REASONS FOR DESIGNATION
Bowl barrows, the most numerous form of round barrow, are funerary monuments dating from the Late Neolithic period to the Late Bronze Age, with most examples belonging to the period 2400-1500 BC. They were constructed as earthen or rubble mounds, sometimes ditched, which covered single or multiple burials. They occur either in isolation or grouped as cemeteries and often acted as a focus for burials in later periods. Often superficially similar, although differing widely in size, they exhibit regional variations in form and a diversity of burial practices. There are over 10,000 surviving bowl barrows recorded nationally (many more have already been destroyed), occurring across most of lowland Britain. Often occupying prominent locations, they are a major historic element in the modern landscape and their considerable variation of form and longevity as a monument type provide important information on the diversity of beliefs and social organisations amongst early prehistoric communities. They are particularly representative of their period and a substantial proportion of surviving examples are considered worthy of protection.
Although White Cliff bowl barrow has been disturbed by excavation, significant areas survive undisturbed and will contain intact archaeological remains.
White Cliff bowl barrow is situated in a prominent position overlooking Monsal Dale on the limestone plateau of Derbyshire. The monument includes a roughly circular cairn measuring 18m by 16m and standing c.1.5m high. The barrow is believed to have been partially excavated by Thomas Bateman in 1851 when it was found to contain a central limestone cist containing a pottery urn inverted over the remains of a cremation and a burnt bone pin. Elsewhere in the barrow another cist was found. This contained the crouched skeletons of two adults and two children accompanied by a food vessel and a number of flint implements. The crouched skeleton of a third adult was found close to the latter cist while those of two more children were found north of the central cist. Also found were the bones of a pig and a dog, scattered human bone, an unidentified bone tool and a bronze fibula. The burial remains indicate a Bronze Age date for the barrow while the fibula represents its re-use in the Roman period. The barrow was also partially excavated by T A Harris in the 1920s or 30s. However, there is no published record of this event.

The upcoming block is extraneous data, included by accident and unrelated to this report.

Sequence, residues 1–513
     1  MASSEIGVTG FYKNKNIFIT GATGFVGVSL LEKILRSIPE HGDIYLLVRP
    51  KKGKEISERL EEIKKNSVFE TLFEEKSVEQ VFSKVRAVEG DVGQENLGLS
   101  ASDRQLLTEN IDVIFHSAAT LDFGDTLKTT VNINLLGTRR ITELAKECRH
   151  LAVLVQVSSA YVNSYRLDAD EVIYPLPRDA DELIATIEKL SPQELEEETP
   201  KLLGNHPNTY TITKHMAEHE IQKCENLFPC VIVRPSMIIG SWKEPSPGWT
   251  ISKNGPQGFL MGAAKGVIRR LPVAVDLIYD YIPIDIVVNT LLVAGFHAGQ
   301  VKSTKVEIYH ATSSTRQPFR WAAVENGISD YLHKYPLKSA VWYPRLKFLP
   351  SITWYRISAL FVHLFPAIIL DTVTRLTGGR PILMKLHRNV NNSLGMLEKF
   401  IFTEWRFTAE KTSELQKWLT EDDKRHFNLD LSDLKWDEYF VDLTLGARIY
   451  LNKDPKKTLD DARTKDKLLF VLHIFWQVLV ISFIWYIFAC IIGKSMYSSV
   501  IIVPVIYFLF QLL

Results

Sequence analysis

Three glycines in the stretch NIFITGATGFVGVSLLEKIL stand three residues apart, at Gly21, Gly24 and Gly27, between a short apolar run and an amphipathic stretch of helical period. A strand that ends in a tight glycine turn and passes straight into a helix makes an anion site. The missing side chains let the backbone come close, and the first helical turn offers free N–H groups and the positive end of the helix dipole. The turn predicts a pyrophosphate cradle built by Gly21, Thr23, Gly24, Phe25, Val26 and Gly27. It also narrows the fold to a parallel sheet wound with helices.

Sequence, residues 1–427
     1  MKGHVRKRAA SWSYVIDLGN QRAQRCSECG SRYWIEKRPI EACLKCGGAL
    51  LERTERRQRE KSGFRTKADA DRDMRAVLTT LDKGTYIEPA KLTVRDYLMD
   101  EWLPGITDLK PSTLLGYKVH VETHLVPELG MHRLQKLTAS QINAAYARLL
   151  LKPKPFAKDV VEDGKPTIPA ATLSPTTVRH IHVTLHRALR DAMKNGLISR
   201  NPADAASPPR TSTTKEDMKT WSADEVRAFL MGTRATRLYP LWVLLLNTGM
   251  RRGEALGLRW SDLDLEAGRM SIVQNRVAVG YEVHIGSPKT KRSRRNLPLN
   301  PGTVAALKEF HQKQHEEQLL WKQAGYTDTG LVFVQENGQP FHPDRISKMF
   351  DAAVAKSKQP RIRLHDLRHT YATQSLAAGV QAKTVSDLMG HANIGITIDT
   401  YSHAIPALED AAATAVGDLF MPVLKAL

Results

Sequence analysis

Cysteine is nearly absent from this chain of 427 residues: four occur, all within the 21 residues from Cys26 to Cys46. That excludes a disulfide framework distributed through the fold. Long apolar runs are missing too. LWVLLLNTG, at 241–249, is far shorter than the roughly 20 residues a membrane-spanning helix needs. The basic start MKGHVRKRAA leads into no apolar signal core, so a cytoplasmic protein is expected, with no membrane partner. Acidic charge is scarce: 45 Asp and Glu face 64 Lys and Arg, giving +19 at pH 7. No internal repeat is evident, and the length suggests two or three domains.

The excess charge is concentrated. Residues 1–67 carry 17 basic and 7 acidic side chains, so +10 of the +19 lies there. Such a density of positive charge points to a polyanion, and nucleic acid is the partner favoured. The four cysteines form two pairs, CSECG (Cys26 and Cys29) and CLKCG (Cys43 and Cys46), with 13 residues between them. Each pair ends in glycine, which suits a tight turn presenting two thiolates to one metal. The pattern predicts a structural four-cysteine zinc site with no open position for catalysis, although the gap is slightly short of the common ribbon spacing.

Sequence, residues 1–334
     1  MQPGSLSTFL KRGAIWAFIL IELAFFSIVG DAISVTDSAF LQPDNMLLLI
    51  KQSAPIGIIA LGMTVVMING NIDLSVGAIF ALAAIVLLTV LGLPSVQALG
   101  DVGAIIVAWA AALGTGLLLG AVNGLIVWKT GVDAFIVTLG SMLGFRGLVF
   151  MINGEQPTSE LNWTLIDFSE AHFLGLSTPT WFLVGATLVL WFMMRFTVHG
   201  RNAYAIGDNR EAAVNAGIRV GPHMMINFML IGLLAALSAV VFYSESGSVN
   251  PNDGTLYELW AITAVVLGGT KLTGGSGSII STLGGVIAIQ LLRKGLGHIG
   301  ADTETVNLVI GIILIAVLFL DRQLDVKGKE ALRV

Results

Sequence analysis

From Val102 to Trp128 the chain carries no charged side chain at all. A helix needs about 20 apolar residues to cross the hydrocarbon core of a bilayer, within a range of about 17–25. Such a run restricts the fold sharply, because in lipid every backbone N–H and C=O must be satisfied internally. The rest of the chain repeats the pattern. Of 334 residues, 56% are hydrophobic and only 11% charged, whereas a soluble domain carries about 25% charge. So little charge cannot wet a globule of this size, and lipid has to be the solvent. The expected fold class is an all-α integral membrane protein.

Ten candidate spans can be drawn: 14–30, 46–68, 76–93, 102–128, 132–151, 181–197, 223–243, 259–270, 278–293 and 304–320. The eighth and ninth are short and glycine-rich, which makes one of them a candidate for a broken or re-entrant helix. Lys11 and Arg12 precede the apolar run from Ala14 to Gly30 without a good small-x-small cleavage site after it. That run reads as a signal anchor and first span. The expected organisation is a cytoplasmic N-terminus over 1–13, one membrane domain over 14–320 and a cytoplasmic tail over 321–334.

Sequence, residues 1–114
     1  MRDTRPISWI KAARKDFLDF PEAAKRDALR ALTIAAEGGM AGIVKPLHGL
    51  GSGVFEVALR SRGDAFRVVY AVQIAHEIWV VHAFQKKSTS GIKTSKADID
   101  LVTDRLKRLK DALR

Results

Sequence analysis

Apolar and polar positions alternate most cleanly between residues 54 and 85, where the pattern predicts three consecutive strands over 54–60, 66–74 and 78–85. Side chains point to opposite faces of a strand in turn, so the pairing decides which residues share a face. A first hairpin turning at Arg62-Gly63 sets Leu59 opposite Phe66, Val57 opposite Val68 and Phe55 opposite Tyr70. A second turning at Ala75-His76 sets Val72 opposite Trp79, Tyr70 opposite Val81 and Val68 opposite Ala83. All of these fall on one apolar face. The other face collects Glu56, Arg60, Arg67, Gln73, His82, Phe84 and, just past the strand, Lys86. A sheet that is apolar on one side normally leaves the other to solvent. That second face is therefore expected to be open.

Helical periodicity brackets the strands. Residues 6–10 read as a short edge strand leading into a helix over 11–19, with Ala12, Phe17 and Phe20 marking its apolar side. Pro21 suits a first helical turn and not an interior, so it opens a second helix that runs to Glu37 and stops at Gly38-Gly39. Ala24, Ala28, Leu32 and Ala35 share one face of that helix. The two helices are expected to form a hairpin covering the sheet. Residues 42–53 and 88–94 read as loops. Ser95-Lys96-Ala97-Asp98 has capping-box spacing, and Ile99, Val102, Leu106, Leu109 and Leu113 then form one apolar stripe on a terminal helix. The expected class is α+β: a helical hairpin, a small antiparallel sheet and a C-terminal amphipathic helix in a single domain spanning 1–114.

Book Reference - Author: Barnatt, J - Title: The Peak District Barrow Survey (1989) - Date: 1989 - Type: DESC TEXT
Book Reference - Author: Barnatt, J - Title: The Peak District Barrow Survey (1989) - Date: 1989 - Type: PLAN: MEASURED
Book Reference - Author: Bateman, Thomas - Title: Ten Years Diggings in Celtic and Saxon Grave-Hills (1861) - Date: 1861 - Page References: 77-79 - Type: DESC TEXT
Book Reference - Author: Jewitt L L - Title: Grave Mounds and their Contents - Date: 1870 - Type: DESC TEXT - Description: Fig. 86
Article Reference - Author: Manby T G - Title: Food Vessels of the Peak District (1957) - Date: 1957 - Journal Title: Derbyshire Archaeological Journal - Volume: 77 - Type: DESC TEXT
Article Reference - Author: Marsden B - Title: The excavation of the Bee Low round cairn - Date: 1970 - Journal Title: Journal of Antiquaries - Volume: 50 - Page References: 184 - Type: DESC TEXT